“One of the things that Penzone says is that he will not hold anyone once they’re released from jail, and he will not have anyone basically kept for ICE to take their time to arrive at the jails,” she said.
But despite the other women who had their hearing along with her being released, Guerrero waited in a cell for two more hours.
The Maricopa County Sheriff’s Office told The Copper Courier its policy on not performing “courtesy holds” has not changed.
“There are a myriad of factors that can contribute to inmates being released at different times,” a spokeswoman wrote in an email. “Releases are processed in the order they are received from the courts. We cannot speak for the court and the work that goes into processing release orders and the work that needs to be done on their end prior to clearing an individual for release.”
When Guerrero was finally released, she was transferred to an ICE office where they told her she would likely be sent to the prison in Eloy.
This scared Guerrero because she had heard on the news how prisons had become places for COVID-19 outbreaks, and she worried that if she went there she would get sick. She also worried that from there, she would be deported.
But luckily, Guerrero had been able to contact friends before her arrest to let them know what was going on. While she was detained, her network of support had already kicked into gear, organizing for her release.
According to The Arizona Republic, at least two state legislators, a state senator, three Latino Phoenix City Council members and more than a dozen other Arizona leaders sent letters to Penzone, the Phoenix police chief, and the Phoenix mayor urging for Guerrero’s release. Members of the community also called and emailed local officials in support.
Finally, she was released on her own recognizance with the ankle monitor.
“I can’t believe that that actually happened,” she said. “If it hadn’t been for that organizing component when I was inside, maybe I would be in Eloy right now.”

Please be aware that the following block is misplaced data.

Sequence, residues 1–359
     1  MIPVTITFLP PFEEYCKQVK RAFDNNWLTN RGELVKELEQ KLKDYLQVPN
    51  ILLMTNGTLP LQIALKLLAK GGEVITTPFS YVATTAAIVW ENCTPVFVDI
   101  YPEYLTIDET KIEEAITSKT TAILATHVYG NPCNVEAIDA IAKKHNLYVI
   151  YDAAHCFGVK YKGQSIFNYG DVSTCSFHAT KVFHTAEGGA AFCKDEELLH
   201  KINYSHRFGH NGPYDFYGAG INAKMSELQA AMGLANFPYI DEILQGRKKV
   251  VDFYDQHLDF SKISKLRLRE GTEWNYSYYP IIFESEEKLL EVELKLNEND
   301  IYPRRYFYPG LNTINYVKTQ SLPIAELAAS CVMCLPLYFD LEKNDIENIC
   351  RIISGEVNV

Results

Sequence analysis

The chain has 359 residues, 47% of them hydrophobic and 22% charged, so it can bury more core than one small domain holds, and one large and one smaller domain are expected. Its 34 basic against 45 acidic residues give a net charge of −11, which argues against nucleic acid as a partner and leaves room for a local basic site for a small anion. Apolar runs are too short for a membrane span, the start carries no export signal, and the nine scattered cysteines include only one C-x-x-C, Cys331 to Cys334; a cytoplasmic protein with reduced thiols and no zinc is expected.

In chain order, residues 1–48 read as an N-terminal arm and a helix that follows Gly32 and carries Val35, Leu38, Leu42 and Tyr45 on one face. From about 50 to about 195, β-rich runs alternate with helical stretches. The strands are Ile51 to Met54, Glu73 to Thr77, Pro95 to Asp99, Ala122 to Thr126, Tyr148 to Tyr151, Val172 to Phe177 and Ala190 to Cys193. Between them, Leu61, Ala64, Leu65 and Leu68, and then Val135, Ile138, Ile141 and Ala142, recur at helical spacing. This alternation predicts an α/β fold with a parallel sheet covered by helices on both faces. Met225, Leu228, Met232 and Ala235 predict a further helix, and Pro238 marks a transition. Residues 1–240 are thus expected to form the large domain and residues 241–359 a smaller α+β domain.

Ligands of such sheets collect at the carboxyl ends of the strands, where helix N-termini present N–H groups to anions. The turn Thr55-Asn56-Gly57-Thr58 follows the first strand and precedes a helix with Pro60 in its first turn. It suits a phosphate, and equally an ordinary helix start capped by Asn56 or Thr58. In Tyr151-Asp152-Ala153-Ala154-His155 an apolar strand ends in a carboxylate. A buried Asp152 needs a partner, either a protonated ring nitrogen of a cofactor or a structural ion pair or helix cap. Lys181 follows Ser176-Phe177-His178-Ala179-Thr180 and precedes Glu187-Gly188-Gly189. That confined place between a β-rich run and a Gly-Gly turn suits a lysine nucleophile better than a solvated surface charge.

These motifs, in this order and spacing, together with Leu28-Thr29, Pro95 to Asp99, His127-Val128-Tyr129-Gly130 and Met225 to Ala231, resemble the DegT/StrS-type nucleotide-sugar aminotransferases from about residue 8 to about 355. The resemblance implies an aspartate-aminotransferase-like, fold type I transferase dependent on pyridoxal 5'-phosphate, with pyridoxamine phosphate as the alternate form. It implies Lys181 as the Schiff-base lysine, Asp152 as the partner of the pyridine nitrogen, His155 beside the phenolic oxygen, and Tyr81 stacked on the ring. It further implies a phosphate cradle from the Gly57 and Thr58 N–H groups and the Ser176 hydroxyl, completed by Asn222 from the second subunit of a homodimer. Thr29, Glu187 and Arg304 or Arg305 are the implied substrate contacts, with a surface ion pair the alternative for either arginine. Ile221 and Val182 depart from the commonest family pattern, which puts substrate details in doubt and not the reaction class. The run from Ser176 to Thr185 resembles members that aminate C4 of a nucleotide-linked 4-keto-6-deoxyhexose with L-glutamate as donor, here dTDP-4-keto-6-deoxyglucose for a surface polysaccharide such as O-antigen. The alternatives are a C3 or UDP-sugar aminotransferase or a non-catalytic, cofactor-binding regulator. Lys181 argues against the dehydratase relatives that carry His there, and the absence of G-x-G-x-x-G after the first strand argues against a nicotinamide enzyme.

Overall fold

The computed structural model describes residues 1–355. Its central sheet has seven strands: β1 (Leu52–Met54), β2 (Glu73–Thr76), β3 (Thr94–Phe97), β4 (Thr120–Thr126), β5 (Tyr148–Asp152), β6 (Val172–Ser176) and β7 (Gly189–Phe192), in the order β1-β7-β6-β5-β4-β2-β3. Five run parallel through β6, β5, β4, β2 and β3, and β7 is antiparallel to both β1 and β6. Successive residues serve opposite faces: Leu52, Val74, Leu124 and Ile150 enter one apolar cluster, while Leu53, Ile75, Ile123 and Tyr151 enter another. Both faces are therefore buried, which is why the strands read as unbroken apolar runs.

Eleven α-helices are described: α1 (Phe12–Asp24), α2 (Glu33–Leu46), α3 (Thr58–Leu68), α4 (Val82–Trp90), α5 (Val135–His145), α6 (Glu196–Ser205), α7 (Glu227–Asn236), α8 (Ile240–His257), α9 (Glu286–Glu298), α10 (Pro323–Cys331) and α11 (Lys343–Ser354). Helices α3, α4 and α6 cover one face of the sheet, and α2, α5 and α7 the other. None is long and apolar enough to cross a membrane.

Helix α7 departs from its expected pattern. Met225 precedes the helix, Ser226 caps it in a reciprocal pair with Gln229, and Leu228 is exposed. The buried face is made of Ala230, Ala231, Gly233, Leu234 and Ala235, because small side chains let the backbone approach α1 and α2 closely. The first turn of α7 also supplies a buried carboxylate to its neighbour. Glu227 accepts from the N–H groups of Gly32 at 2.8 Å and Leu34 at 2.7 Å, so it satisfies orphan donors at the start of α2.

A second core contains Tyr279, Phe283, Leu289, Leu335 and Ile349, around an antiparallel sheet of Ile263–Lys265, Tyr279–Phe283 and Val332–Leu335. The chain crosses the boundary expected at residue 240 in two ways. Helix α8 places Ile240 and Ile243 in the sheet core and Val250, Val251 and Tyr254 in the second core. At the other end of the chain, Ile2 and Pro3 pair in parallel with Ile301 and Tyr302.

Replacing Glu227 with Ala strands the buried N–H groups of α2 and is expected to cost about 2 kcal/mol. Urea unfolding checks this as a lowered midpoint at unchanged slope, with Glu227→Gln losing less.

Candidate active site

Lack of Due Process
Guerrero said almost being deported while having done nothing criminal was a confusing and frustrating experience.
While Phoenix police told The Copper Courier a charge of unlawful assembly was forwarded to the city prosecutor’s office, Ybarra Maldonado was able to confirm with them Wednesday that no charges would be filed.
“I’m … just confused at the lack of due process that someone is able to have going through this system. Because … it makes no sense that I was even arrested, and there’s no probable cause and yet I’m still at the hands of ICE at this point in time,” Guerrero said before the case had been dropped.
Ybarra Maldonado agreed that Guerrero’s case highlights structural problems within law enforcement.
“It shows the dysfunction between the two systems––the criminal system and the immigration system,” he said. “They don’t really talk to each other than to confuse and frustrate people’s lives.”
For Guerrero, the experience she underwent in the criminal justice system reinforced why she fights for what she does.
“It just brings me back to the fact that ICE continues to be in Fourth Avenue,” she said. “Phoenix PD, or any police department, arrest the wrong person, arrest people on the wrong charge. They make mistakes, too. But even if they try to correct their mistakes, they’re still sending people to immigration, and having people going to a detention center, deporting people, because Penzone decides to keep ICE inside Fourth Ave.”
DACA Ruling a Win
But despite the stress of the past few weeks, Guerrero is still focused on her organizing efforts.
The Supreme Court’s ruling last week keeping DACA intact means one fewer issue on her to-do list.
“When it first came out … overall I felt this sense of relief, overall in general, one less thing that I have to organize against,” she said.
However, she said, “I never thought I’d hear this decision wearing an ankle monitor and essentially organizing against my own deportation.”
The Supreme Court ruled that the Trump administration’s justification for ending the DACA program was “arbitrary and capricious.”
His decision to do so was also unpopular with the public, even his own base––a majority of people who voted for him in 2016 said in a recent poll they support protecting immigrants who came to the United States as children.
Because of Trump’s unpredictable nature, Guerrero said she’s staying on her toes in case there’s another effort to end the program.
“We have DACA, we can keep it, but you never know if something else is going to be brought up,” she said.